Trump closes out a campaign built on fear, anger and division

click to enlarge Trump closes out a campaign built on fear, anger and division
Gabriella Demczuk/The New York Times
President Donald Trump enters a Make America Great Again rally at McKenzie Arena in Chattanooga, Tenn., Nov. 4, 2018.

By Peter Baker
New York Times News Service

WASHINGTON — President Donald Trump embarks Monday afternoon on a final three-state election swing that will close out an us-against-them midterm campaign built on dark themes of fear, anger, division, nationalism and racial animosity.

The president’s thundering warnings about “left-wing mobs” and a migrant “invasion” have inflamed the passions of a country, energizing conservatives he hopes to mobilize to hang onto control of Congress while exasperating opponents who accuse him of fearmongering and demagoguery.

Trump has generated overflow crowds of red-hatted supporters wherever he has gone in these final days, drawing energy from their adulation and pumping them up to head to the polls Tuesday to salvage Republican majorities in the House and Senate. Underscoring his emphasis on his base, Trump invited Sean Hannity and Rush Limbaugh, two conservative media icons, to join him Monday when he travels to Ohio, Indiana and Missouri.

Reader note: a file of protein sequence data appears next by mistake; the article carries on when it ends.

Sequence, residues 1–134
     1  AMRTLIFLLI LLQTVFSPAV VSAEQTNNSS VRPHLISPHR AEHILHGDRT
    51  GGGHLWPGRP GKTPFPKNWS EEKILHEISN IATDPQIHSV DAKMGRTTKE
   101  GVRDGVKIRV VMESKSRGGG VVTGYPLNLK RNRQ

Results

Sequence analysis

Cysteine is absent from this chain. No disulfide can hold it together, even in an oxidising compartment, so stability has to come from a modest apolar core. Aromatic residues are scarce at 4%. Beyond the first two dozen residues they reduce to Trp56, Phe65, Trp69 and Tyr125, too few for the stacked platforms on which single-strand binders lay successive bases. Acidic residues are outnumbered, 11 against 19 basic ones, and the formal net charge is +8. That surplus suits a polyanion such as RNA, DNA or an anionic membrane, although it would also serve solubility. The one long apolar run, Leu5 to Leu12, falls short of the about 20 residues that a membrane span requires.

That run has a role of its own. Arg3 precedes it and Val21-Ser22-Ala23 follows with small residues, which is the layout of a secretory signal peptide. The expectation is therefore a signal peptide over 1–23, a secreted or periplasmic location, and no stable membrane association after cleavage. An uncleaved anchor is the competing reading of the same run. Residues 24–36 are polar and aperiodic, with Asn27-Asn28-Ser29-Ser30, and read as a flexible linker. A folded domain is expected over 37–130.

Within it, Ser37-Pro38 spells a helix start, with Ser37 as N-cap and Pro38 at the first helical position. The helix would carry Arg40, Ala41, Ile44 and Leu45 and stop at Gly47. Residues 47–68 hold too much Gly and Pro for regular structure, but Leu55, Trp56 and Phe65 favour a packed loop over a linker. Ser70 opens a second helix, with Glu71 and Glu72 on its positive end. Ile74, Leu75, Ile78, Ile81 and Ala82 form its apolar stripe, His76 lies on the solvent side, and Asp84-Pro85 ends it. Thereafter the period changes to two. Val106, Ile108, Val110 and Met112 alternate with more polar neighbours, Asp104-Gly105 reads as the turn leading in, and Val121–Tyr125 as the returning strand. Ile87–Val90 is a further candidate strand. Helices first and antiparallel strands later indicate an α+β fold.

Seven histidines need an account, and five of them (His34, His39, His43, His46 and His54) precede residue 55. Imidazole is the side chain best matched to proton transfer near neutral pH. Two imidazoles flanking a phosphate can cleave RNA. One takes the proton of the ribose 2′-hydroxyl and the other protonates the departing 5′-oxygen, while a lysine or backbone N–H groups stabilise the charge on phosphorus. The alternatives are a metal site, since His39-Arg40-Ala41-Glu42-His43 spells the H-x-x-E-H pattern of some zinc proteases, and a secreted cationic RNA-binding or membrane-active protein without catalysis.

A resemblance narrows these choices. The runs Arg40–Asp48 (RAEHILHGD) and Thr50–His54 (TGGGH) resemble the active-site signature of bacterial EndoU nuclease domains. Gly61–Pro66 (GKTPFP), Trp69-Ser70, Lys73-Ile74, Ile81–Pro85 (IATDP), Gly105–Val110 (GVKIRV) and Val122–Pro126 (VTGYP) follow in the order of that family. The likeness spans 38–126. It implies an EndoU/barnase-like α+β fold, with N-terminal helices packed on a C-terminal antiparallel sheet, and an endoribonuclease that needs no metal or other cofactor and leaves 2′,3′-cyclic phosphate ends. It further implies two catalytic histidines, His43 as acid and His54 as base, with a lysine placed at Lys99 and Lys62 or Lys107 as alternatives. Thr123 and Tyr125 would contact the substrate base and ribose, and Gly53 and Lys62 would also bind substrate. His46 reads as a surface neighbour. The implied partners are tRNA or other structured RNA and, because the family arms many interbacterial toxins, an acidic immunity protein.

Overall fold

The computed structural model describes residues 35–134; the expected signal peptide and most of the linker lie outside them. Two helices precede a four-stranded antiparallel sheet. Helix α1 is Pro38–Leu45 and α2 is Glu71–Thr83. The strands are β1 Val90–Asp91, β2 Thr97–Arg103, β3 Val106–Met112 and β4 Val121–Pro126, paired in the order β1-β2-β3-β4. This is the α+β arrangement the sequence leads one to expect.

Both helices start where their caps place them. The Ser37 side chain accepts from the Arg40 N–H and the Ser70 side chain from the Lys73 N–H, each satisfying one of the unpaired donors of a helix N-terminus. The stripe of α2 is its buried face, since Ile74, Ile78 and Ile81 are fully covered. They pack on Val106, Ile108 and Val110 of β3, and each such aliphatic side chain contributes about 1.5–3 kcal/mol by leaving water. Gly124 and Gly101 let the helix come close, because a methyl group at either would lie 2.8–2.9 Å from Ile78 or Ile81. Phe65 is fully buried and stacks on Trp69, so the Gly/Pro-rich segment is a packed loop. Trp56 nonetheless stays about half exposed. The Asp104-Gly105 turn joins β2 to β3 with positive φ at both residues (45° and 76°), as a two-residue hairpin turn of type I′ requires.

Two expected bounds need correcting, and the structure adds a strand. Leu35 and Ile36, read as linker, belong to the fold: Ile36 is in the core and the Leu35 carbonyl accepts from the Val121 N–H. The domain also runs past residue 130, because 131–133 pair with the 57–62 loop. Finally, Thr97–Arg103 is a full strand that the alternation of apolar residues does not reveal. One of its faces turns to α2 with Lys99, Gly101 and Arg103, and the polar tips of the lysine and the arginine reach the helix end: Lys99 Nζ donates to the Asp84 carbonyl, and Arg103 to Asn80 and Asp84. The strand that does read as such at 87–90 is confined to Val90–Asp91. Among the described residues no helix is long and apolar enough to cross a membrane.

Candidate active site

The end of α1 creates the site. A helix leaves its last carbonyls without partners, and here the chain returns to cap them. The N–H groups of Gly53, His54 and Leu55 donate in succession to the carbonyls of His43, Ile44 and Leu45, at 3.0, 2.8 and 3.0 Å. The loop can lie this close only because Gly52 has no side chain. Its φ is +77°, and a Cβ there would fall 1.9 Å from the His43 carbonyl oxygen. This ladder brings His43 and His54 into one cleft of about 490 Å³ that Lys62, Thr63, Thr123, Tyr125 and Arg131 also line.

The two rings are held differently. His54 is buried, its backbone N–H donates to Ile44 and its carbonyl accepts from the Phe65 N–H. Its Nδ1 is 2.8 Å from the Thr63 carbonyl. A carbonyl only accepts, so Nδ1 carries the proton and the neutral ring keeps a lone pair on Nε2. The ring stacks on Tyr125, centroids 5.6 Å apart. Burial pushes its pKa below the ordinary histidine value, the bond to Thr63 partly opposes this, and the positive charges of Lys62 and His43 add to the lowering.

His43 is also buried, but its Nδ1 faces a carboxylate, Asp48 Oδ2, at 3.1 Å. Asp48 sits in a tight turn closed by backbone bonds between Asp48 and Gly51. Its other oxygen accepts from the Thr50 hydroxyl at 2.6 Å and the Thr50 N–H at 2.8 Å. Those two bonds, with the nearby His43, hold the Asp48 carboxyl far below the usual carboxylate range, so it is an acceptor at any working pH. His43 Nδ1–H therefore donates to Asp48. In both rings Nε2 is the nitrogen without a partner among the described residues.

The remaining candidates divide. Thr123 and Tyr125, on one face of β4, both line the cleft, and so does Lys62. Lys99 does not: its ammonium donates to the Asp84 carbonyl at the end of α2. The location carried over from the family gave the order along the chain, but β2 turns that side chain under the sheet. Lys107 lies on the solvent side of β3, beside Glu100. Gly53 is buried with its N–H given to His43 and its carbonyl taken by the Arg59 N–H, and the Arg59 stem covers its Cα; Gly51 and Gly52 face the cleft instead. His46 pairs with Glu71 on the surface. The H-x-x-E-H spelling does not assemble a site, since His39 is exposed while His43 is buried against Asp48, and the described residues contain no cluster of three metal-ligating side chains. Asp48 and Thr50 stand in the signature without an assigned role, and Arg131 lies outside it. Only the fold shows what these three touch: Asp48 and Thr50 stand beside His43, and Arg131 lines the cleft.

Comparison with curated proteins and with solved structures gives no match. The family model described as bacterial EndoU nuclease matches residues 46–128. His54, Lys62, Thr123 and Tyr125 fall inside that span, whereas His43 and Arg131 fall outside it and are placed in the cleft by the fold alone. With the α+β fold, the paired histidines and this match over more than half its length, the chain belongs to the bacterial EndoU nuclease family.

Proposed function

Trump declared that the election would be a referendum on him and his campaign strategy itself became one of the biggest issues. He has eagerly taken credit for the healthy economy, even exaggerating its merits, but rather than make that the centerpiece of his campaign in hopes of appealing to independents and moderates, he chose to wage the fall battle on the ground of immigration.

Describing himself as a “nationalist,” he vilified immigrants, both those in the country legally and illegally, playing to tribal rifts in American society in a way that went beyond what most presidents have done during competitive midterm elections in the modern era. His supporters cheered him on, embracing a leader they said was finally taking on the cosseted elites and guarding the country against outsiders. But the divisions he encouraged will bedevil the country beyond Election Day.

For his last campaign swing of this cycle, Trump was heading first to Cleveland, where an intense governor’s race will decide which party controls state government in a place Trump must win if he hopes to secure a second term in two years.

From there, he planned to fly to Fort Wayne, Indiana, where Republicans have hopes of knocking off Democratic Sen. Joe Donnelly. And he was to end his day with a late-night rally in Cape Girardeau, Missouri, on behalf of Republican Josh Hawley’s efforts to defeat Sen. Claire McCaskill.

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